Triumph Bonneville Review

The Triumph Bonneville was first introduced in 1959 and quickly became one of the most appealing motorcycles of its era. In 2010, Triumph released a replica of the 1960 Bonneville T120 in its classic blue and grey color scheme, blade style mudguard and integrated headlamp/instrument housing.

Continue reading to get my full impressions of the Triumph Bonneville. I also suggest you watch the videos on this page. I’ve scoured YouTube to find what I think are the most interesting and informative. Enjoy!

Classic Design

The Triumph Bonneville comes in several models, the basic Bonneville, the Bonneville SE, and the Bonneville T100. All of the Bonnevilles still maintain that classic retro look from the 1960s and 1970s. The SE and T100 add some slightly different styling and design to the basic model.

The classic gas tank design, short mudguards and color schemes give it a 70’s look. Triumph has done their best to maintain the retro styling while still updating the bike to the latest technology. For example, the new full injection system is designed to look like the old Triumph carburetors.

If you loved the Bonneville back in the 60’s and 70’s, you’ll love the current Bonnevilles even more. Same look, better motorcycle.

Updated Design

Despite the 1970s look, the new Bonneville is totally updated to the latest technology. For those of you old like me, you probably remember that owning an old British bike was a good way to become a great mechanic. They required a lot of maintenance and repair. Not so for the new Bonneville. It is designed to today’s performance, and best of all, quality levels.

Features and Performance

The Bonneville comes with air-cooled, 865cc, parallel-twin. It has fuel injection for easier starting and running. The fuel injection system is designed for clean running and to meet Euro 3 legislation. The retro styling is maintained, with the fuel injectors designed to look like traditional carbs. As for brakes, the Bonneville has a single front 310mm disc and 255mm rear disc with twin-piston calipers provide good sensitivity, control, and stopping power. The 2010 models lowers the seat height to 29.1 inches, 1.3 inches inches lower than older models. This low seat height provides a low center of gravity, and makes it easier to ride with a more relaxed riding position. Short fenders front and rear, upswept megaphone pipes and cast alloy wheels give the Bonneville SE a retro ’70s look. The 17″ cast alloy wheels also provide improved agility and low speed handling over older models. The SE model adds a matching tachometer and speedometer, polished engine casings and a traditional chrome Triumph tank badge. It also has an optional two-tone color scheme. Polished alloy side covers come as standard on the Bonneville SE. The T100 provides for another variation of styling on the SE model, and even comes in a 1960 Anniversary Edition with the classic blue and grey color scheme.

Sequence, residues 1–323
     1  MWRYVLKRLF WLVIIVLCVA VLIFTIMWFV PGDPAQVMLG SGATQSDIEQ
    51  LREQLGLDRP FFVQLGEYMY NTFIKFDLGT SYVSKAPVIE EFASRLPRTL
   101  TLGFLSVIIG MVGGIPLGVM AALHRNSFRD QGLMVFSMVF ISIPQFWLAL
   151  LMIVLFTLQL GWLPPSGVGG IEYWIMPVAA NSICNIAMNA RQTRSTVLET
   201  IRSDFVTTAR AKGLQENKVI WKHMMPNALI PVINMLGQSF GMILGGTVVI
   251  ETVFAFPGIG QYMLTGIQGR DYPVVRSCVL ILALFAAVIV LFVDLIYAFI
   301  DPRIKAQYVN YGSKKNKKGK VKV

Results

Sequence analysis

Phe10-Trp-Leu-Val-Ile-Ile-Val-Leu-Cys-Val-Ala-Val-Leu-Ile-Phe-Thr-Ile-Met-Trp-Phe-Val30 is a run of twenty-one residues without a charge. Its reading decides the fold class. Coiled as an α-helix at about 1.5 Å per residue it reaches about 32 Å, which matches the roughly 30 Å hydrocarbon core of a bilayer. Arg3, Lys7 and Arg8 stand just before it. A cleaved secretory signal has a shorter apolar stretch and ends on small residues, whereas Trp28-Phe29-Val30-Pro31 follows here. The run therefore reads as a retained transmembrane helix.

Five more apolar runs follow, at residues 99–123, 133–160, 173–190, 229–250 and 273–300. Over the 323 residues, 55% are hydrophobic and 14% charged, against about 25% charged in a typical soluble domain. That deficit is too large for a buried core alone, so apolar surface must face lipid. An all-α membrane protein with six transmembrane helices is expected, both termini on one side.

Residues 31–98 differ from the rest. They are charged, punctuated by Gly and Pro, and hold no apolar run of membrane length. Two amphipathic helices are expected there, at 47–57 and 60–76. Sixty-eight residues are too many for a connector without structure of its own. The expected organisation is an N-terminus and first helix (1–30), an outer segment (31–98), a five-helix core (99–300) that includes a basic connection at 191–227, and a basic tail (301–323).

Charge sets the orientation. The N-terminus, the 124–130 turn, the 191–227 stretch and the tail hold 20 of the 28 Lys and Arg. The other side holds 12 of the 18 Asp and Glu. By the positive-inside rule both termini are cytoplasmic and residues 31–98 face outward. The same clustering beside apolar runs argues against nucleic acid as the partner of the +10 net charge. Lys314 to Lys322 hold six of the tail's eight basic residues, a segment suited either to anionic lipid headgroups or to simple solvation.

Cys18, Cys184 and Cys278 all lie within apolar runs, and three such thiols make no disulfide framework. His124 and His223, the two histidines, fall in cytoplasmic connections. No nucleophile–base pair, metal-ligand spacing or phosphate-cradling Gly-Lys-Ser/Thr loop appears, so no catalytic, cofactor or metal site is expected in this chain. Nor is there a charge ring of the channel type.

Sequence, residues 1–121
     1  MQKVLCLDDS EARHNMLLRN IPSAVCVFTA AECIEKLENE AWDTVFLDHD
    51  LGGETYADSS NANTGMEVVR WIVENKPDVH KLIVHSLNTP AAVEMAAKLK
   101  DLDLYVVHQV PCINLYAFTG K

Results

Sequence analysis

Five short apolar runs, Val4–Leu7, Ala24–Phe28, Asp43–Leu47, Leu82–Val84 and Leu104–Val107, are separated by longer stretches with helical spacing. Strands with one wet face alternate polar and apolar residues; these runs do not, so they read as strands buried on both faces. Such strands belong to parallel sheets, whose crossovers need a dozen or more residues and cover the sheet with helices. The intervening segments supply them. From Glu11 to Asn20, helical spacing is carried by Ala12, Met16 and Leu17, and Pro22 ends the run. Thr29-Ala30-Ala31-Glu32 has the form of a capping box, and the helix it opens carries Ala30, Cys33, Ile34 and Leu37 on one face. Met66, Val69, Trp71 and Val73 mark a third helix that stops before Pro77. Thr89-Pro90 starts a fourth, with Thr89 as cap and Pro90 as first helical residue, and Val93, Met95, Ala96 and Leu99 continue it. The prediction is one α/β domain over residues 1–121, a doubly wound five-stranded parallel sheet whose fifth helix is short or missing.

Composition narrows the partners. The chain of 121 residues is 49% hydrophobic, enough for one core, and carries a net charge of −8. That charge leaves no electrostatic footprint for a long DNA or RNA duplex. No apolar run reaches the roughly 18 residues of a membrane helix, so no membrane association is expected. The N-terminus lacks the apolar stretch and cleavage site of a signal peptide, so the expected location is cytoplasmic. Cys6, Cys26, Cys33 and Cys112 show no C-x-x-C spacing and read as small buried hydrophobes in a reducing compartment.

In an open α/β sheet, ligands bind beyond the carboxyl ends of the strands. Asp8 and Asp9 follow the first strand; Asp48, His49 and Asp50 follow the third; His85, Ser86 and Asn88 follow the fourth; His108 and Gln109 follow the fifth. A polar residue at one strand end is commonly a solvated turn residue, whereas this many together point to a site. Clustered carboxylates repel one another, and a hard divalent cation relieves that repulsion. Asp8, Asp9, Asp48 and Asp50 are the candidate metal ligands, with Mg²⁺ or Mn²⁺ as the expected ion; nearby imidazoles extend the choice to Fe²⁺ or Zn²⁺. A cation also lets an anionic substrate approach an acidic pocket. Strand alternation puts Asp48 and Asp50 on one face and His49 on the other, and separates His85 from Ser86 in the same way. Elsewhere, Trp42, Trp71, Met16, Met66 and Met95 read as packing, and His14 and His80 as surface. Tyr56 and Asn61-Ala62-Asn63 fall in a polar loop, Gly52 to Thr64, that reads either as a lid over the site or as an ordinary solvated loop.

Riding the Bonneville

The Bonneville is as much fun to ride as I dreamed it was back in my teens. Strangely, and probably by design, even riding a new bike feel like you are riding an old Triumph. Just the right noise, and a little bit of vibration to give you flashbacks to the 70’s.

It has a comfortable, upright riding possition. On bumpy roads, I found the suspension a little tough on my aging compressed spine, but not something that would stop me from buying one. If you are really tall, this bike may seem a little small. The 29.1 inch seat height allows you to easily plant both feet on the ground, even for those who are vertically challenged.

The 865cc motor has decent power and torque. It produces 66 bhp at 7,500 rpm and 50 ft.lbs. of torque at 5,800 rpm. It won’t blow your socks off, but for new riders or someone just looking for a fun bike to ride, it has more than enough. Handling is also very good, realizing that it isn’t a sport bike. It also isn’t a touring bike, so if you plan on doing a lot of touring, you probably want something with more wind protection and power. But, if you are looking for something fun to ride around town and that get lots of complements, the Triumph Bonneville will definitely do that for you. If I were to buy a third motorcycle, this would probably be it. I may even consider it as a replacement to my second motorcycle. Stay tuned one that one.

For more details on the Triumph Bonneville, watch the videos on this page. Some are purely for entertainment value, but others provide some real detail about the Bonneville features and design.


Picture tag: , , , , , ,


  1. ! have a 1971 triumph tiger 750 is it the same as a 1970 model;
    thanks lyle

    • Lyle, I don’t have a specific answer for you. But, I spoke with a friend who suggested you contact Raber’s in San Jose. They are the resource for pre-’92
      Triumphs. They do restoration and OEM parts, repro OEM parts for the vintage Meriden built Triumphs. Post ’92 Triumphs are manufactured at the new Triumph plant in Hinckley.

      Hope this helps.

  2. Nice review! Triumph bikes are very smooth and better handling bikes. They are very elegant and well engineered bikes.

  3. Hi guys, i bought a used 2007 790cc Bonneville about 2 years ago after many years owning other makes and models of bikes. I had previously owned a 1968 T120 Bonneville and later on a 1973 Bonneville. My latest Bonnie is in my estimation well upto the standerds set by the 68 one I had [the 73 one was awful] my Bonnie is red and white livery and I’ve fitted Gold star patern silencers to it so it sounds more like a 60’s Triumph and I love it. I’m 62 years old now and this is more than like my last bike and I’m glad I chose a Triumph.

    • Last bike? At 62 you probably have a another 20 years of riding in you. If I ever feel I’m too old for two wheels, I’ve got my eye on a nice Can Am Spider with three wheels. Its what makes me feel young. Bryan

Speak Your Mind